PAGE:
Microsoft isn't standing still, of course. Looking forward to Longhorn, the company is working to take its task-based work, its holistic approach to PC/human interactivity, and its years of research to deliver a product that is both more technically competent and easier to use than the competition. Naturally, there will be advanced technologies in there: Windows and controls with which to interact, and UI elements, just like any other operating system. But if Longhorn is successful, it will delight you and not frustrate you. It will be a system you look forward to using and not one you put up with.

So what makes up the Longhorn user experience? There's the UI, of course, driven by the Avalon low-level graphics engine and the Aero user interface, which will provide the end user controls and the look and feel that so many people will simply think of as Longhorn. It includes new document types, provided by the underlying system, which third parties can easily integrate into their own solutions; these document types provide exciting new features such as scaling, zooming, pagination, and various flow styles. It includes new system notifications that don't get in your way, again with seamless hooks for third parties. It includes deep digital media integration, with glitch free playback, even over networks. It includes new inductive user interface features, of course, to guide users through tasks with which they're not familiar. And it includes speech technologies, so users can interact with the system more naturally. All of these things and more make up the Longhorn user experience, working together to deliver the most immersive computer operating system ever.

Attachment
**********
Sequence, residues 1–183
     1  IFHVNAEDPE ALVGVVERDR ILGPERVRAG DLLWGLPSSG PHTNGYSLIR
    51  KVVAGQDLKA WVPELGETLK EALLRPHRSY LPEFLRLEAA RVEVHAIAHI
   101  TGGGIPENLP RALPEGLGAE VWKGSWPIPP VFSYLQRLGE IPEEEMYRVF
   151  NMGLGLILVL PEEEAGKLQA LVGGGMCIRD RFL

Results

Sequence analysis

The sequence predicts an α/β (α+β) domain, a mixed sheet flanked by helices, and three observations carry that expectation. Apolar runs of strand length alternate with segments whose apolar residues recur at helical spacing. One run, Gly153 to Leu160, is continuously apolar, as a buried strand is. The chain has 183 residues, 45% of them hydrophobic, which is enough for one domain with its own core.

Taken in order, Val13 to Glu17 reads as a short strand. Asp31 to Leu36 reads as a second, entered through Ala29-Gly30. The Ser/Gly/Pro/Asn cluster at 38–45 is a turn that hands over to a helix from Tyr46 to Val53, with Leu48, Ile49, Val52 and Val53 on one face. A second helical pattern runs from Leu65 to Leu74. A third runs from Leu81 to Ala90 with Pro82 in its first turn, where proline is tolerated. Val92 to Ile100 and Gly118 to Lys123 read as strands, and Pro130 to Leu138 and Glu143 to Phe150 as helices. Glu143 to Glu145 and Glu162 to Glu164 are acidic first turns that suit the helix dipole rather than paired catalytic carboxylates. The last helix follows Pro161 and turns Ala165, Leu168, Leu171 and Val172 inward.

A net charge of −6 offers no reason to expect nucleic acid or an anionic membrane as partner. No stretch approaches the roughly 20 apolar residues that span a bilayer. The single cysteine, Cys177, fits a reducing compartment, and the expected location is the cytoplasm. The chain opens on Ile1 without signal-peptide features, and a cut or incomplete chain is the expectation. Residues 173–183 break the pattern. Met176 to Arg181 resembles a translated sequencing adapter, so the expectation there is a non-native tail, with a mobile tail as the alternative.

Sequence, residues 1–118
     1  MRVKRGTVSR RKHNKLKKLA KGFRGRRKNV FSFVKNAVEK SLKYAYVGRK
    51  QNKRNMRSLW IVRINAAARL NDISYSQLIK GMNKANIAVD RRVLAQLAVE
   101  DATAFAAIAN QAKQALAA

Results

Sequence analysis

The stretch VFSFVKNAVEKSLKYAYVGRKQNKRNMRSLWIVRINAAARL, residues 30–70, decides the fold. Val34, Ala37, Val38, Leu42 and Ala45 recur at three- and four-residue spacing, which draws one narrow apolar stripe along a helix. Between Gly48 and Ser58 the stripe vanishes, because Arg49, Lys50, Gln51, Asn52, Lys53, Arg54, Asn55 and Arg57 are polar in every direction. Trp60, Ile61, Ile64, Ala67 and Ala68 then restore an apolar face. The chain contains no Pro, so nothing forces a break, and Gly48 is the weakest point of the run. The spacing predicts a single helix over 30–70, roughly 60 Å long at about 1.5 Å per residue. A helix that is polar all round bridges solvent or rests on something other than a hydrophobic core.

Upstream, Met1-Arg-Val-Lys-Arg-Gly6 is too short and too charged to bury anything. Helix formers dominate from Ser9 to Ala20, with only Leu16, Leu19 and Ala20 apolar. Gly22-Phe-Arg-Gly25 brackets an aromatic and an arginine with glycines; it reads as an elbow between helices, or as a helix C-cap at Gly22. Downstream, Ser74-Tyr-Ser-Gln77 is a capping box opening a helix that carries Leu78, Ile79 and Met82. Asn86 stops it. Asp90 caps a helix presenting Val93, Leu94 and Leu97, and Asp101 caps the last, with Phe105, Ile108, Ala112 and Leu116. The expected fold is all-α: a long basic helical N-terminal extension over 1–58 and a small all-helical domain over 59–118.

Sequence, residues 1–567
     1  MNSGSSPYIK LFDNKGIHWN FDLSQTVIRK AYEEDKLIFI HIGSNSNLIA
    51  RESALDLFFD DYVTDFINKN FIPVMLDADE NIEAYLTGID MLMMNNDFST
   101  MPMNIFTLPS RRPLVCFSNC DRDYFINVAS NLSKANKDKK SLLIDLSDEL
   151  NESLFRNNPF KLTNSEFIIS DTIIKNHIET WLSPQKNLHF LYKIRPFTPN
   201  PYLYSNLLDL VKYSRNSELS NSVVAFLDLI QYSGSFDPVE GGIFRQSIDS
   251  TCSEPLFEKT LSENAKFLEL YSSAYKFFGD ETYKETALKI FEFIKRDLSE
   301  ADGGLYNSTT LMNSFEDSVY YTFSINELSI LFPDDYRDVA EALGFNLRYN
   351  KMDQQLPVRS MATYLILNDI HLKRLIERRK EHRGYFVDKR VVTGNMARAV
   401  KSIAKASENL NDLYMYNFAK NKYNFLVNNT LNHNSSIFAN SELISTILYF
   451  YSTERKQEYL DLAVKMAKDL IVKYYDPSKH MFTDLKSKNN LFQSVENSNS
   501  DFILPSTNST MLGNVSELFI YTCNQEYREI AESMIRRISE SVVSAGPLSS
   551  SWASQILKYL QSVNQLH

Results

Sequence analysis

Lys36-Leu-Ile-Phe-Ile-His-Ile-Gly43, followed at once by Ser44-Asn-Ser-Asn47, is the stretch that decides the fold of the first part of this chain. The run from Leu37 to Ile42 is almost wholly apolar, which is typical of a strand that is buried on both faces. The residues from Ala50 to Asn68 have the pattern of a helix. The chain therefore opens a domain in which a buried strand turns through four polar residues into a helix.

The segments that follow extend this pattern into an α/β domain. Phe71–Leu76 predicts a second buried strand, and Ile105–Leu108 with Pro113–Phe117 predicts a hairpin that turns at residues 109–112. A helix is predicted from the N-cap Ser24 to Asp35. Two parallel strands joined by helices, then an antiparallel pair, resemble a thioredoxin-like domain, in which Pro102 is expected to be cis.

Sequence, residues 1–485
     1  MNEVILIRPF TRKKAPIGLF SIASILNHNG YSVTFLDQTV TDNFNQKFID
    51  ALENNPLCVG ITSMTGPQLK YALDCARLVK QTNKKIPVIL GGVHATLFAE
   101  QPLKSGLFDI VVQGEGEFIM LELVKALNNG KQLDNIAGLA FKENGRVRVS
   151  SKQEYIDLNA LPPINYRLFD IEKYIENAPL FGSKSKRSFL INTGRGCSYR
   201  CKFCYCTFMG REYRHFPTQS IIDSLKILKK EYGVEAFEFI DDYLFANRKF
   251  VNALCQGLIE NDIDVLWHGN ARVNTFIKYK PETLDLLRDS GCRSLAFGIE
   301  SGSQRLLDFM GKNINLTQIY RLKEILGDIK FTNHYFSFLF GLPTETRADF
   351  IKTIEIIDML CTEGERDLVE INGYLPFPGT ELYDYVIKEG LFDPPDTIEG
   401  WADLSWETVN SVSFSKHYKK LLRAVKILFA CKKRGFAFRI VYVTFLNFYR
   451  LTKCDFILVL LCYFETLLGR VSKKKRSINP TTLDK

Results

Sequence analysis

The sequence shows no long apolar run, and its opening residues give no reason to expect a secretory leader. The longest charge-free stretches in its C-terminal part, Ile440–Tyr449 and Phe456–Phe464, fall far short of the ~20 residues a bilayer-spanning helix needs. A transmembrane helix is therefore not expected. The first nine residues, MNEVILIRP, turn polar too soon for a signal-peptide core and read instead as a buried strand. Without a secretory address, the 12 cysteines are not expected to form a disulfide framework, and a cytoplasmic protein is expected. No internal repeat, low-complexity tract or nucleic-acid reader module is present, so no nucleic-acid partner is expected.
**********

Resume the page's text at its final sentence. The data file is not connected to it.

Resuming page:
And virtually none of it is available now. Cute, eh? Sure, the low-level stuff is there in the current pre-alpha builds, but we have to wait several months at least to see the core of the user experience, the Aero look and feel. This look and feel was first revealed here, not coincidentally, on the SuperSite for Windows back in August 2003. And we got another look at it at the PDC 2003 in October 2003. But Microsoft is honing Aero, refining it, and, yes, hiding it from the competition so they can't be ripped off mercilessly in the months before Longhorn is finally released.

Next, we'll look at the user experience elements that are available now in Longhorn 4051.